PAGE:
Delhiwale: The grace of his coat, the glory of his tie

The dress that gave an apartment staffer in Gurugram a satisfying sense of recognition of his place in the world.

delhi Updated: Aug 20, 2018 12:06 IST
Mayank Austen Soofi
Mayank Austen Soofi
Hindustan Times
Ranveer Singh, the lobby manager of a residential complex in Gurugram, says wearing the coat and tie was recognition of his identity as an educated man who left his village to build a life in the city.(HT Photo)

Wearing a coat and tie is like finally arriving in the world. That’s Ranveer Singh’s experience at least.

A lobby manager in a swish residential complex in Gurugram’s Sector 54, Mr Singh sits behind a marble desk looking dapper in a smart black suit, complete with stiff collars and a striped tie.

“Until two years ago I was a head guard in another building,” he says, “and had no tie and no coat.”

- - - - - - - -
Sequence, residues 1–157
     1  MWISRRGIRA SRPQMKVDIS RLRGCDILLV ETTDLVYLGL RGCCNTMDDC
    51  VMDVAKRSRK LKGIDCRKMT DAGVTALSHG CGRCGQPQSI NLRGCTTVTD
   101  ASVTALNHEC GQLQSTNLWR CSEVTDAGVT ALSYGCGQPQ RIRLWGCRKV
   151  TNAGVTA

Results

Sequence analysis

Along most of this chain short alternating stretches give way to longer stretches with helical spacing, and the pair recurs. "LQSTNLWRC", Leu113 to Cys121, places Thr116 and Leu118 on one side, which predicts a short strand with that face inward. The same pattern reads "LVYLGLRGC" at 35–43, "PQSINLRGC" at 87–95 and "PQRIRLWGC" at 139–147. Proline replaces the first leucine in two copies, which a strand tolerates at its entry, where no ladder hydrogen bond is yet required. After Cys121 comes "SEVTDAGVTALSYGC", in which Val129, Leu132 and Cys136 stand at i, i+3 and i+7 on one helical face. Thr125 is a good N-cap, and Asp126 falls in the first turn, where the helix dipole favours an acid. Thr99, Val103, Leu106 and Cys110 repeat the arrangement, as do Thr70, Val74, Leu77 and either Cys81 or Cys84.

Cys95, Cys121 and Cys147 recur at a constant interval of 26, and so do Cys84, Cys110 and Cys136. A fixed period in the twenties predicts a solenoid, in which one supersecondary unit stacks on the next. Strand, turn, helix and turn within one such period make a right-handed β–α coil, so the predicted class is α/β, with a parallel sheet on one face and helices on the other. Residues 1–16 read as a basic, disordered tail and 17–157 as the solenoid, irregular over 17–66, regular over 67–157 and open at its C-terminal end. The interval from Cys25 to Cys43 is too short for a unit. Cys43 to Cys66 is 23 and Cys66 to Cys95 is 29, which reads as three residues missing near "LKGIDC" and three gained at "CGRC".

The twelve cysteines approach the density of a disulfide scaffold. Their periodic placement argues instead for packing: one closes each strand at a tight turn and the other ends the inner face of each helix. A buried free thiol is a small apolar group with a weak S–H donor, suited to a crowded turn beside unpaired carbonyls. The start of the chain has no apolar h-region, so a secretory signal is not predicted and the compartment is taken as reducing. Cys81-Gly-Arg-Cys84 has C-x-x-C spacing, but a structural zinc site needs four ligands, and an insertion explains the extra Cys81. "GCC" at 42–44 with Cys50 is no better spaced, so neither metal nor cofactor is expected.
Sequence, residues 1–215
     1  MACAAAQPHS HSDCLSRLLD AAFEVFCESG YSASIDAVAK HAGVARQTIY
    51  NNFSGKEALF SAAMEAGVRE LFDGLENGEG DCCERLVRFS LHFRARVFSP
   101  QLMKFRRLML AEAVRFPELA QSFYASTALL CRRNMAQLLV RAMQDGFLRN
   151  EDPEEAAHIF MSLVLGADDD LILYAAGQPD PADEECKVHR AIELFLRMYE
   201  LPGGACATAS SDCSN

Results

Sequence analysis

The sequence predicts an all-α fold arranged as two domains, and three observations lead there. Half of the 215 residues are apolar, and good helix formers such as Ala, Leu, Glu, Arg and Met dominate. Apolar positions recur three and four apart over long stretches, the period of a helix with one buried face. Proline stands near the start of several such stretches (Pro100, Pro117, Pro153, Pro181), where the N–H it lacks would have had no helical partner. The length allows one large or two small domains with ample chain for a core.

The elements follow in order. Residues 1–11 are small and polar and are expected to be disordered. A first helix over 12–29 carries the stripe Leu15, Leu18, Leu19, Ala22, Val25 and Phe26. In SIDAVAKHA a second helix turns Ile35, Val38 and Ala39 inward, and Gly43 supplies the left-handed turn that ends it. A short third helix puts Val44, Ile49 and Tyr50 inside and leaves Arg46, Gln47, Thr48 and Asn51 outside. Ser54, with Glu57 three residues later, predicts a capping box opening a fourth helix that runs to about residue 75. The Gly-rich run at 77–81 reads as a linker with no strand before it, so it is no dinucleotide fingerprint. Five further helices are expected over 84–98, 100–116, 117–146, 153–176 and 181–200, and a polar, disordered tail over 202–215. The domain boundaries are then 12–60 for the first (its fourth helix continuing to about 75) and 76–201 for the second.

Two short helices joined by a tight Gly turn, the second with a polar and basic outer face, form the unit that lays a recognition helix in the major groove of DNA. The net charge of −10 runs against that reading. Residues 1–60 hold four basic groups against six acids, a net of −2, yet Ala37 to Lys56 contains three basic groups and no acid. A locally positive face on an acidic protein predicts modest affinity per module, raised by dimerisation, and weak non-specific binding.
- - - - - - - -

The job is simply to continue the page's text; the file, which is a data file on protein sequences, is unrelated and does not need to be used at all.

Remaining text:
Mr Singh’s uniform used to be a simple white shirt and blue pants.

“Getting this job was a promotion,” he confesses.

At first, this 27-year-old migrant from a Rajasthan village couldn’t figure out how to tie the knot. “The kind Bishen Singh came to my rescue,” he says, referring to the previous lobby manager.

A university graduate, Mr Singh remembers feeling overwhelmed the first morning he arrived for work in the new dress. “Wearing the coat and tie was recognition of my pehchan (identity) as an educated man who left his village to build a life in the city,” he says, with a voice overcome with emotion.

Mr Singh keeps two sets of the uniform, and he always gets the precious coats dry-cleaned.

His wife, Preeti, lives back home in the village in Bharatpur, Rajasthan, and has never seen her husband in suit and tie except once—during their wedding.

“But wait, she saw me in this uniform in the photo I once sent to her on WhatsApp,” Mr Singh says.

Mrs Singh had WhatsApped back, saying, “Aap bahut achhe lagte hain (you look very nice).”

First Published: Aug 20, 2018 12:04 IST